Thursday, October 28, 2010

Gas Station for the Sky

EMPLOYEES: Crystal Mouton, Mike Mouton, Stephan Hargrave, Kevin Gardner

Mike Mouton was in college when he began a part time job washing aircrafts at the Abbeville Chris Crusta Memorial Airport. He eventually acquired full time status, and has been working in the aviation industry for the past fifteen years.

“My excitement comes from the operations of the airport,” says Mouton. “It’s a community here. We all work with each other.”

Mouton is the manager of Vector Aviation, which is owned by Joey LeRouge. The fixed base operation sells quality fuel to individual aircraft owners and helicopter companies. Additional services include guidance with travel arrangements, the storage of aircrafts, parking spaces and a facility for travelers and pilots to coordinate trips.

“I guess you can say we’re a gas station for the sky,” says Mouton. “But our main purpose is to provide great customer service.”

Vector Aviation sells aviation gasoline, and Jet A fuel, which is aviation grade kerosene designed for use in gas-turbine engines. Although there are exceptions, the aviation gasoline is mostly used in fixed winged aircrafts and the Jet A is used in helicopters.

“It’s very important to use the right fuel in the right engine,” says Mouton. “You can tell them apart by their color. The Jet A fuel is clear, but the aviation gasoline is blue.”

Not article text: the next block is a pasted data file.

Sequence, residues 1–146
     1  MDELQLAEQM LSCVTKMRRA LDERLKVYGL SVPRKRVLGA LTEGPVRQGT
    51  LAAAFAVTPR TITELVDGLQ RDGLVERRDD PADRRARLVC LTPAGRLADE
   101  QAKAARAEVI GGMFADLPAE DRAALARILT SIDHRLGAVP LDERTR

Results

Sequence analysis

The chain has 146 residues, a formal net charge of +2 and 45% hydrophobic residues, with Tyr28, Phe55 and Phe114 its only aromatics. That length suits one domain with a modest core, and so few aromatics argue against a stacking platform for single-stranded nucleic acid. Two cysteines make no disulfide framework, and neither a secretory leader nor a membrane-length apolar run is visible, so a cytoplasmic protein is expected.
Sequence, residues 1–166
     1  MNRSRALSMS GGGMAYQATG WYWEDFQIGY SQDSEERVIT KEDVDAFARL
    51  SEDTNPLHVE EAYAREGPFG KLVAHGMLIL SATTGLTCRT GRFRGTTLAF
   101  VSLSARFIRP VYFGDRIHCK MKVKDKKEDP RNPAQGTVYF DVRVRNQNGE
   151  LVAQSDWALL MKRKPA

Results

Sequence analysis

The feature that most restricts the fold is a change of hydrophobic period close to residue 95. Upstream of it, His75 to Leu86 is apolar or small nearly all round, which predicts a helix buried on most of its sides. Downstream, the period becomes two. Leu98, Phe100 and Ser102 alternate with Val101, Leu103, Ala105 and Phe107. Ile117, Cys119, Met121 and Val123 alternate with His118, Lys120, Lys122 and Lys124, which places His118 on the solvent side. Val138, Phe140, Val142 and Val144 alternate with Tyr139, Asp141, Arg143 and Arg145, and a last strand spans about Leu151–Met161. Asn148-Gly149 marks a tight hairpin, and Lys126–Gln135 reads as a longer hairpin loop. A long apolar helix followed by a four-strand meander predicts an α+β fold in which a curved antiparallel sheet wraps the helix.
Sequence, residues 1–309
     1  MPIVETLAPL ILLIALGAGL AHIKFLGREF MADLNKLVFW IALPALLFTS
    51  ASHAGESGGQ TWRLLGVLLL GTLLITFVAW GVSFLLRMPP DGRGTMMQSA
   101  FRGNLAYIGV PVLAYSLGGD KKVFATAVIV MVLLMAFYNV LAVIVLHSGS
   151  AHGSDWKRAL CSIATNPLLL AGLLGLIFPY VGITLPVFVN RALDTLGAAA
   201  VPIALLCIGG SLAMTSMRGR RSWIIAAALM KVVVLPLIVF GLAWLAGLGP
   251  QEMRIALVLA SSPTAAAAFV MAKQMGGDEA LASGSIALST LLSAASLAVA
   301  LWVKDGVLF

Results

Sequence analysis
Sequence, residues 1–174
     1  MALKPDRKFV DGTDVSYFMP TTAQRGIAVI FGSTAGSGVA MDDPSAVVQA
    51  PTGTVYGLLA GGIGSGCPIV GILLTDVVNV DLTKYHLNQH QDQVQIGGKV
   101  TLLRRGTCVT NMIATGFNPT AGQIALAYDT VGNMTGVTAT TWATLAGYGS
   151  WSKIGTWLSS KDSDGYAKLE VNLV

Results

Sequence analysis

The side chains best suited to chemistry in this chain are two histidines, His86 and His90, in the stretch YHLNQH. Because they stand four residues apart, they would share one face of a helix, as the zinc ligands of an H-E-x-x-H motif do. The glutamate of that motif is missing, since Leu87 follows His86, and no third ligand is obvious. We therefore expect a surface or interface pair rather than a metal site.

Mouton’s responsibilities include having extensive knowledge of FAA regulations, and negotiating and managing the logistics of trips with helicopter companies and aircraft owners. Before working at the airport, Mouton was in the United States Marine Corp where he was an Aviation Ordnance Marine. His duties included mechanical troubleshooting on helicopter weapon systems.

I visited Mouton at the airport last week to find out more about his job at Vector Aviation. It was a foggy morning so the runway was quiet as pilots and travelers waited patiently for a clear sky.

“I tried to arrange a helicopter ride for you but it’s too foggy,” said Mouton. “But I can let you fuel one up.”

Although the technique is very similar to tanking up a car, (insert nozzle into fuel tank, squeeze handle, wait patiently) I was pretty excited to be fueling up a copter. It made me feel like a military pilot or an international crime-fighting playboy with a trust fund.

Mouton gave me a tour of the airport via a golf cart. We visited the heliport facility as well as the hangar where the fixed winged aircrafts are stored.

“Most people keep their airplanes inside a hangar,” says Mouton. “Aircrafts are very fragile and the outdoor elements can be damaging.”

As the morning progressed, the fog lifted and fixed winged aircrafts and helicopters began taking off. Mouton drove the golf cart to the side of the runway and we watched a single engine plane lift up into the clear sky above us.

“This is fun for me,” said Mouton. “I can’t say enough good things about working at the airport.”

Vector Aviation is located at 262 Jimmy C Vorhoff Street. For information on their services call 337-893-1128.

No comments: